Dizziness in the Morning

Dizziness is a rather non-specific term that may have many different meanings. It may mean any of the following:

Dizziness in the morning is fairly common complaint and can be due to a very wide variety of causes. Also, in nearly every one out of five cases, no cause of dizziness can be identified. Dizziness is also an adverse effect of numerous drugs, including the antihypertensive drugs.

Dizziness can be dangerous sometimes, especially in certain scenarios like driving a vehicle, operating heavy machinery, construction work at a height, etc. An episode of dizziness in these conditions can cause serious injury or even death.

Dizziness and Blood Pressure

Dizziness can be associated with both high blood pressure and low blood pressure. Dizziness, especially in morning can occur as a symptom of hypertension. It can be associated with other symptoms of hypertension like headache, etc. or can be the only symptom present. In persons with blood pressure under control by use of anti-hypertensive drugs, dizziness could be one of the side effects of these medications.

Dizziness can also occur in orthostatic hypotension (postural hypotension). In this condition, the dizziness characteristically occurs when a person stands up from a lying or sitting down position. Dizziness, especially presyncope can be caused by various cardiac conditions (e.g. arrhythmias, aortic stenosis, carotid artery stenosis, etc.) that can result in a sudden fall of blood pressure.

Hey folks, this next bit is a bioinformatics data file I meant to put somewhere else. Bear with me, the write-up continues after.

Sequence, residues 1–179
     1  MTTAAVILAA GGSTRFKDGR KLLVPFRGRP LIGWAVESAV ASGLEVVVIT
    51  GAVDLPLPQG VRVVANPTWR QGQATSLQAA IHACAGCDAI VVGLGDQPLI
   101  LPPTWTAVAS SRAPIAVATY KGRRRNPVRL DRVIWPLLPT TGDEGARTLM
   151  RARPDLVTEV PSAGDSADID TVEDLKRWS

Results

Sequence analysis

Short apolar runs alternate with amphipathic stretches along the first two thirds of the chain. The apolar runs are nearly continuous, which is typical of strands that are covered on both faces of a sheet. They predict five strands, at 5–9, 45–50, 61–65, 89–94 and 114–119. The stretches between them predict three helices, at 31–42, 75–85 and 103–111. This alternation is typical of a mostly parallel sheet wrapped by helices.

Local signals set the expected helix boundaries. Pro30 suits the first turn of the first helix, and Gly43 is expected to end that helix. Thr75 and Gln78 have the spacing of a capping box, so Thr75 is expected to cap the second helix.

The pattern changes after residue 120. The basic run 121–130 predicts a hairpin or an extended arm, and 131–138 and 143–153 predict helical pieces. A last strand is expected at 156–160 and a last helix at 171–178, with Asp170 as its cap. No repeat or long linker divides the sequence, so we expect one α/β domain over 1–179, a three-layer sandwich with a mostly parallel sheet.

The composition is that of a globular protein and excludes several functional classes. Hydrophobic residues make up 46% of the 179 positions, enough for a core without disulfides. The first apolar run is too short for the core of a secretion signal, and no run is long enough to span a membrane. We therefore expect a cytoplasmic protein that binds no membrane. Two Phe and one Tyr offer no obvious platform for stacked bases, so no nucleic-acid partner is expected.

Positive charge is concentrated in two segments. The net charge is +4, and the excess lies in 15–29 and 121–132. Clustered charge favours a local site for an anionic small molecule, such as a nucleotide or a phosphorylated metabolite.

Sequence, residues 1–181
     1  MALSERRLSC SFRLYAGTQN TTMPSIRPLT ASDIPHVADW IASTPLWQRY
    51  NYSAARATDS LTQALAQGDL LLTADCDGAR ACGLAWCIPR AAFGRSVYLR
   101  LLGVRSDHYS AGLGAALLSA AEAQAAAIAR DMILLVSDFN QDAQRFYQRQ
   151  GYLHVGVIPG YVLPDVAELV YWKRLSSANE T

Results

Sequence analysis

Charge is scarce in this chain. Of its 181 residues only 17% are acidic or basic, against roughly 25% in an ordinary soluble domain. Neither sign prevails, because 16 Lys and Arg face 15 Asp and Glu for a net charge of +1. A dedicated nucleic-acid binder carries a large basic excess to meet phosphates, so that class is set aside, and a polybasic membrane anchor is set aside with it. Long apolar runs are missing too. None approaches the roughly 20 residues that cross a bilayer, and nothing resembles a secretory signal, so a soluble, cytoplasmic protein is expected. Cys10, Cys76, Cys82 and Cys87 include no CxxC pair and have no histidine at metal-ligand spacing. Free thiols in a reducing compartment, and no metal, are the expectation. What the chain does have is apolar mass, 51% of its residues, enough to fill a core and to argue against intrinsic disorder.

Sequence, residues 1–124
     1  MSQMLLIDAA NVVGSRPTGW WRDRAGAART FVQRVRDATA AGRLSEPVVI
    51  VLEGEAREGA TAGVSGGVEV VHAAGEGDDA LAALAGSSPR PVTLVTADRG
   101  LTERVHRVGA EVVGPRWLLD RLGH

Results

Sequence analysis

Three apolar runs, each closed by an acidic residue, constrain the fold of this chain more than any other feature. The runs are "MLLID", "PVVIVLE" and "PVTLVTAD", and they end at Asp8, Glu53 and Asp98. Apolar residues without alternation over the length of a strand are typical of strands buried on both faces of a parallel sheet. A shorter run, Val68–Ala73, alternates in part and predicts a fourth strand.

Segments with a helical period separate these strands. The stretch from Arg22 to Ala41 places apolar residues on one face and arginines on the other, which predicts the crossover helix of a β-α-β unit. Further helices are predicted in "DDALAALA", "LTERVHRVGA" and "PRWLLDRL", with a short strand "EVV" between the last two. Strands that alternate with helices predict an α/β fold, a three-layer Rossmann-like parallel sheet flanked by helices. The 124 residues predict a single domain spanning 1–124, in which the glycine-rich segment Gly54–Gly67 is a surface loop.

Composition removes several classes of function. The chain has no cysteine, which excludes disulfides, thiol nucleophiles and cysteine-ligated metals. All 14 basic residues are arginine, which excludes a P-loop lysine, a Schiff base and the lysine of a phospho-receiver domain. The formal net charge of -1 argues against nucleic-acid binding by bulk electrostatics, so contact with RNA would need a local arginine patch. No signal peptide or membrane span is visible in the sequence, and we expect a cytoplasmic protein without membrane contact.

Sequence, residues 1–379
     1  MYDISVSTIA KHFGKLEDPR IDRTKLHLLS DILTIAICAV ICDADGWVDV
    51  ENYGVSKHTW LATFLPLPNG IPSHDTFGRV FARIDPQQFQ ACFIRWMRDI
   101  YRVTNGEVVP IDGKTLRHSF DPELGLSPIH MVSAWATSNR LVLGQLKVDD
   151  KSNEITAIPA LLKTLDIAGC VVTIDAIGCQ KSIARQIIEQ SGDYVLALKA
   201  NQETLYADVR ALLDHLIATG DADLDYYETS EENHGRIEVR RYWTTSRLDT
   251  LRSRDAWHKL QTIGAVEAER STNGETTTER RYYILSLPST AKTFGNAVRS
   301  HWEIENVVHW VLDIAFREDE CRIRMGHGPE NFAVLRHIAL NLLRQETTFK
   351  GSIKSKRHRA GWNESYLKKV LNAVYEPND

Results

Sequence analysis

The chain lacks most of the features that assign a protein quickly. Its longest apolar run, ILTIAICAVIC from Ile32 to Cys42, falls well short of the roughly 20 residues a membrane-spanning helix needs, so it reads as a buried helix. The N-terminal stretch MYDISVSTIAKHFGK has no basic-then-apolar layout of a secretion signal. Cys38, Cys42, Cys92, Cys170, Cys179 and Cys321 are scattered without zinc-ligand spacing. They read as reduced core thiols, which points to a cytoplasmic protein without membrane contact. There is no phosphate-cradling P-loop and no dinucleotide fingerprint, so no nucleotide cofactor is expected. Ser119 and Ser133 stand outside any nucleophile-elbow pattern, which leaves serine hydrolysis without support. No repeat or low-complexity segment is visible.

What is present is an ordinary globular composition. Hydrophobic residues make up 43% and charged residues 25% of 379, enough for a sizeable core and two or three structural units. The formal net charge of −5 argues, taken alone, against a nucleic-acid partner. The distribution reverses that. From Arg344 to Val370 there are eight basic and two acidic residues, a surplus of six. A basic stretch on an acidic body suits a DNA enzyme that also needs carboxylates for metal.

Other Important Causes of Dizziness


Vertigo refers to a false sense of motion (most commonly spinning sensation). Vertigo is the presenting form of dizziness in nearly 50% of the cases. Vertigo is generally caused by an abnormality in the inner ear or the nerve carrying information from inner ear to the brain. Some of the common causes of vertigo are benign paroxysmal positional vertigo (BPPV), vestibular neuritis, labyrinthitis, Meniere’s disease, migrainous vertigo and acoustic neuroma. Vertigo in Meniere’s disease and labyrinthitis is usually associated with hearing loss.


Heart attack, cardiac arrhythmias, postural hypotension, carotid artery stenosis and aortic stenosis are some of the common causes of presyncope.


Inner ear abnormalities, vision disturbances, joint problems, muscle weakness and some neurological conditions can cause disequilibrium. Stroke and transient ischemic attacks can also result in disequilibrium. However, usually there are other associated features of stroke or TIA.


Lightheadedness can occur in anxiety, depression, panic disorders, hyperventilation syndrome and some inner ear disorders.

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